Hungarian security firm CrySyS Lab has located the installer for Duqu, which is now well known for its connection to the infamous Stuxnet. The installer arrived via e-mail as a document which then launches an exploit against a zero-day Windows kernel vulnerability. Very heavy stuff…
Symantec was given the installer for analysis, and they've updated their whitepaper.
There's quite a bit of additional detail:
Some advice before reading the whitepaper: while Symantec's technical analysis is excellent, you should disregard the speculation as to the attacker's motivations. The first version of Symantec's whitepaper claimed that Duqu was identical to the Stuxnet "worm", but also, totally different (they have different payloads).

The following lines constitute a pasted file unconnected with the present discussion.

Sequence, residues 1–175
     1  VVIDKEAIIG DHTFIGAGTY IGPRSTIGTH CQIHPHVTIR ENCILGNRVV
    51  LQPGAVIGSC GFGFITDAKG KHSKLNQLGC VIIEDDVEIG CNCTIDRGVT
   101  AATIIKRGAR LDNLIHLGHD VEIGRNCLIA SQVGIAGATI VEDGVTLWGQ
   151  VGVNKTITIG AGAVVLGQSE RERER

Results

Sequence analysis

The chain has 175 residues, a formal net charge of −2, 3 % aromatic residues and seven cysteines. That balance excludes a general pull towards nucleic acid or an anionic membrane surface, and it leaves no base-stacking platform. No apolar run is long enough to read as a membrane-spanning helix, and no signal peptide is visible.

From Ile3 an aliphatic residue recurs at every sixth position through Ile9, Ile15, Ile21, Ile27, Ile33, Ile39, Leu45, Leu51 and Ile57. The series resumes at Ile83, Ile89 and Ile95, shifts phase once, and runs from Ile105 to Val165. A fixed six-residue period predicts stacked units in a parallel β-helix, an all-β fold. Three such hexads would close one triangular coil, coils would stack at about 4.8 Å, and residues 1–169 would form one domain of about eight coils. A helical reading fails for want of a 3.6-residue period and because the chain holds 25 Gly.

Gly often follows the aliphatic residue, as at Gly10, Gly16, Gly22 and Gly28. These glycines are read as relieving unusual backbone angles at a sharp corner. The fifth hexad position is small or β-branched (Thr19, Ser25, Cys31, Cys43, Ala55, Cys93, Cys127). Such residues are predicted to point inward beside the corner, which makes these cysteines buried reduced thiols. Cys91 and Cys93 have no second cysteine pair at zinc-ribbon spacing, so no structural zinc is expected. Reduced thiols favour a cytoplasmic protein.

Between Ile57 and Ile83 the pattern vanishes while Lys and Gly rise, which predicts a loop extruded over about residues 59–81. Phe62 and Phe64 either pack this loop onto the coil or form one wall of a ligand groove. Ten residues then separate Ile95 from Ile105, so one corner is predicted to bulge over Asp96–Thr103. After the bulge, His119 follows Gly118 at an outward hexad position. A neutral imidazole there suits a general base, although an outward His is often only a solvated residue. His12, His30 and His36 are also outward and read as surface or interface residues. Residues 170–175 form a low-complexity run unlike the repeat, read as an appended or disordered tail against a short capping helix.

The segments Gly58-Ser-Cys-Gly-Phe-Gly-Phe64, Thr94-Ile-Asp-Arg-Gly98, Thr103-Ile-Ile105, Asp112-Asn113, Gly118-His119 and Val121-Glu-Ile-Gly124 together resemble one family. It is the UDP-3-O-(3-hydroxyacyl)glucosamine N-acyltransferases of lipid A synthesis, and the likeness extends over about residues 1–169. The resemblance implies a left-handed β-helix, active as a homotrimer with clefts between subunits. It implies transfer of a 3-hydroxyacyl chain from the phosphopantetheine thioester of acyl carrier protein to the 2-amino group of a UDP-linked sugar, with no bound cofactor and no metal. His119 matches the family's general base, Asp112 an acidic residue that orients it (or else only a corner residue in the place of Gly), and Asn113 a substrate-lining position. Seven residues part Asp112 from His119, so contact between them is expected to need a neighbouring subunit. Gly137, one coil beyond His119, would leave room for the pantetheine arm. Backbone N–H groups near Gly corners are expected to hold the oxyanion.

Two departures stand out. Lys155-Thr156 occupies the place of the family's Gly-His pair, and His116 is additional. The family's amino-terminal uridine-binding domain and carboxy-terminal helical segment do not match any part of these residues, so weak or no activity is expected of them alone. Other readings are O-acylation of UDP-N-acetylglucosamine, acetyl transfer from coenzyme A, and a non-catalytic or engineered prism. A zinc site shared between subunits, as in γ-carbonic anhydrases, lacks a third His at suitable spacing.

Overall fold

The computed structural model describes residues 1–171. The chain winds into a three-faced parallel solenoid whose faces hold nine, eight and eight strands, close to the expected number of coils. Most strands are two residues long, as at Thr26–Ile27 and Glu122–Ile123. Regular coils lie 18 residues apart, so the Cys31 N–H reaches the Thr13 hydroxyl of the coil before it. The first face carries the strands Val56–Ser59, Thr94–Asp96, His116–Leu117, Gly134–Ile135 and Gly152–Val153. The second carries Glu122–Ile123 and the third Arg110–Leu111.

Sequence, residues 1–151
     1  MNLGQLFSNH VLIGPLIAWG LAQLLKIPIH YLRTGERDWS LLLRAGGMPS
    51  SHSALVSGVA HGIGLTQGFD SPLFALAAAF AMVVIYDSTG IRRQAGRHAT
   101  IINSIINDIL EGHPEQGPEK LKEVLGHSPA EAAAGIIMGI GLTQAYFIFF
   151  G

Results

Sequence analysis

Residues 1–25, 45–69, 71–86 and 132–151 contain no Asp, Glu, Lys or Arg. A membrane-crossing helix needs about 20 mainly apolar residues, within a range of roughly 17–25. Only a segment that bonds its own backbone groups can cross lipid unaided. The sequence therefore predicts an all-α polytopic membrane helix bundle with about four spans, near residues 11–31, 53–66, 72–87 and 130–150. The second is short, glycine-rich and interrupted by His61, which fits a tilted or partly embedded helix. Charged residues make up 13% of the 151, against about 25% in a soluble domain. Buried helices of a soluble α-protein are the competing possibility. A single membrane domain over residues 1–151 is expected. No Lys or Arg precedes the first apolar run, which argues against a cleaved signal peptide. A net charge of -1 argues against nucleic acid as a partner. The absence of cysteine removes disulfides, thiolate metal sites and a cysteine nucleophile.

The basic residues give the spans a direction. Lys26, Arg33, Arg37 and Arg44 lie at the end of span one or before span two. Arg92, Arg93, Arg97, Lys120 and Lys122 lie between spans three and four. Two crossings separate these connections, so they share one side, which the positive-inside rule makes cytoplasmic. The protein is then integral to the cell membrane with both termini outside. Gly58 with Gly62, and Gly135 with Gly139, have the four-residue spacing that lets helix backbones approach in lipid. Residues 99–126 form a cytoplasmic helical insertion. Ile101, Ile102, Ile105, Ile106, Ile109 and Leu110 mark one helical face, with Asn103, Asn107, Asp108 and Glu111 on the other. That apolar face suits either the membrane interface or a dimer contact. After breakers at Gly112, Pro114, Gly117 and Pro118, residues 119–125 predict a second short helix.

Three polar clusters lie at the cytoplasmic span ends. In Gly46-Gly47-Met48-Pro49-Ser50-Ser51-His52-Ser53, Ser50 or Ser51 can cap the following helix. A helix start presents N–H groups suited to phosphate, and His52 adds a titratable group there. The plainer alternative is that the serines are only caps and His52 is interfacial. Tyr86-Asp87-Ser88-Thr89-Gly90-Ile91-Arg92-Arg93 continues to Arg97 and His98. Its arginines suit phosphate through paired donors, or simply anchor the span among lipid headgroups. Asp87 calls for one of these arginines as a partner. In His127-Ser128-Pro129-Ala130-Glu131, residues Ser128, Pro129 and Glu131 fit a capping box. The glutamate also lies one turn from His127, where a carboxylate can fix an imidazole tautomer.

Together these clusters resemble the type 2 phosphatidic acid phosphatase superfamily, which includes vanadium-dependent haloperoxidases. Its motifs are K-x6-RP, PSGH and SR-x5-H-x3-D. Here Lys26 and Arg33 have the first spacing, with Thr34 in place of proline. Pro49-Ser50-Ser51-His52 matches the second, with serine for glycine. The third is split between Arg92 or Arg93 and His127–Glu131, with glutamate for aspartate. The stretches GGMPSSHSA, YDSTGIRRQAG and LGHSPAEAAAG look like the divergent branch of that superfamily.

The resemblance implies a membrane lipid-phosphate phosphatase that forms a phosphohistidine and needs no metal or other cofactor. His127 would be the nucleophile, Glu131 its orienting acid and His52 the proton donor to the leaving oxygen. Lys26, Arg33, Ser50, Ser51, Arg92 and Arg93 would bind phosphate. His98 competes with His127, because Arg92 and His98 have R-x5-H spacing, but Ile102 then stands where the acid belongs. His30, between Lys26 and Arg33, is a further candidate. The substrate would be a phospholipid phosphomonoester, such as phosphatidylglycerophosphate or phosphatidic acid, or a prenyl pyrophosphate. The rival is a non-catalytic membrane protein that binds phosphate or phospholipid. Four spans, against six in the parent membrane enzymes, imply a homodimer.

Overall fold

The new text is more clear — but some of the original speculation remains.
Better to think of it like this: the "Duqu attacks" use a component that is identical to one used by the "Stuxnet attack". But that does not mean that the attacks are the same. Actually, the attacks are not all that similar. And the "Stuxnet worm" is not the same thing as the "Duqu backdoor".
In fact, you could say that the Duqu attacks are kind of extraordinary ordinary targeted attacks. Which is to say, the targeted attack methodology is very common (an e-mail with attachment), but the tools used by the attack are very advanced (one bad-ass exploit in the attachment…).
Q: So, what were the motives behind the Duqu attacks? A: You'll have to ask the attackers themselves. Only they know for sure.